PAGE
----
The Harsh Reality Of Continuing Your Relationship After College

Photo: Artem Tymoshenko / Shutterstock
couple close to kissing man in top hat

By Tylia Flores

It may not feel like it, but when you walk across that stage to get your diploma and turn your tassel to the left, life is just beginning. 

As you say goodbye to that college chapter of your life, you become ready for new adventures like landing your dream job, moving to a new city, or exploring the world before settling down.

But what if you’re still dating that sweetheart from your alma mater?

The reality is that relationships after graduation rarely last a lifetime.

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Most statistics claim that only 1 in 3 people find their “forever person” on their university campus. Why?

For starters, people change; nothing stays the same. This is especially true after graduating college, as often our daily lives drastically transform once we have that degree in hand.

For example, I met my ex-boyfriend during my senior year when he discovered a story about my advocacy work.

We were young and unaware of where life would take us, but we shared similar interests and loved spending time together.

Everything in our relationship was perfect... or so we thought.

Shortly after I graduated, I met lots of new people. I explored new activities and discovered new passions.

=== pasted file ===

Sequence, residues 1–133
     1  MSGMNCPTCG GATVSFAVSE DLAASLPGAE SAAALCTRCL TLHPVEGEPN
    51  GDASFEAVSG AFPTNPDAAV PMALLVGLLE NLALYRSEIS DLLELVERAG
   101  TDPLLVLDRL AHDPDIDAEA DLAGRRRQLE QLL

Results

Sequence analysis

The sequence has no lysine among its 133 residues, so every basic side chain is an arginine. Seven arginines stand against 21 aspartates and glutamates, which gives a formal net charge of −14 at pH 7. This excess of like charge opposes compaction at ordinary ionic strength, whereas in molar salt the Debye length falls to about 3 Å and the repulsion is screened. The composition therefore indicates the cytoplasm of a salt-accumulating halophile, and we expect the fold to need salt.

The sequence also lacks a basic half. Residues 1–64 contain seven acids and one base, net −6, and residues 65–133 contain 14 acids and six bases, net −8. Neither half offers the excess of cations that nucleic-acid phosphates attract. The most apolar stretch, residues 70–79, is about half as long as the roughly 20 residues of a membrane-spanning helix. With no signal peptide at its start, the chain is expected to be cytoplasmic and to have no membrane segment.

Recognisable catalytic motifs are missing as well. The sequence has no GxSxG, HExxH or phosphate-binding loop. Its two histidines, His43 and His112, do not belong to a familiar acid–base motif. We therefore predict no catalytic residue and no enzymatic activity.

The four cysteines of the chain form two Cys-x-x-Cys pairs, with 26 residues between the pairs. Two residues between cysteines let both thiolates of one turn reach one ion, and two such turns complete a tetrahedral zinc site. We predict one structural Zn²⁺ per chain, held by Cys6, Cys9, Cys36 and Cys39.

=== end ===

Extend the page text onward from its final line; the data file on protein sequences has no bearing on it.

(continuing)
Though my ex and I stayed together for several years, I found myself always searching for an escape.

Our lives moved in completely different directions, especially because my goals had changed.

Eventually, my ex just didn’t make me happy. We were cars traveling at different speeds, losing each other in our rear-view mirrors.

Drifting apart from each other wasn’t ever what we intended, but it’s just the way life works sometimes.

Eventually, my ex and I had to accept that we weren’t meant to be together forever, and that was perfectly OK.

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Even if people don’t “find themselves” after graduation the way I did, couples can physically drift apart as well.

The job market is brutal, and sometimes you have to go to the job... even if that means moving across the country.

When you are used to picking up Starbucks with your significant other every afternoon and working on assignments, it’s hard to become a long-distance couple.

Physical connection and proximity is important.

Although there are wonderful technologies like Skype and FaceTime, many couples struggle to remain close when the physical distance between them increases.

In fact, 40 percent of long-distance relationships don’t last more than 4 months.

The reality is that maintaining romantic relationships after graduation is difficult and stressful.

No matter how great the romance was in the beginning, sometimes, life complicates relationships, and eventually, those common interests and flirtatious, fun selfies from class fade into the background.

If you are worried about how to make things work after you get that diploma, that’s understandable.

Just know that your relationship may work out, but it may not, and that’s perfectly fine, too.

You’ll find the right person eventually, even if it’s not that sweetheart from school.

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Tylia Flores is a writer who focuses on relationships, entertainment news, and love topics. Visit her author profile on Unwritten for more. 

This article was originally published at Unwritten. Reprinted with permission from the author.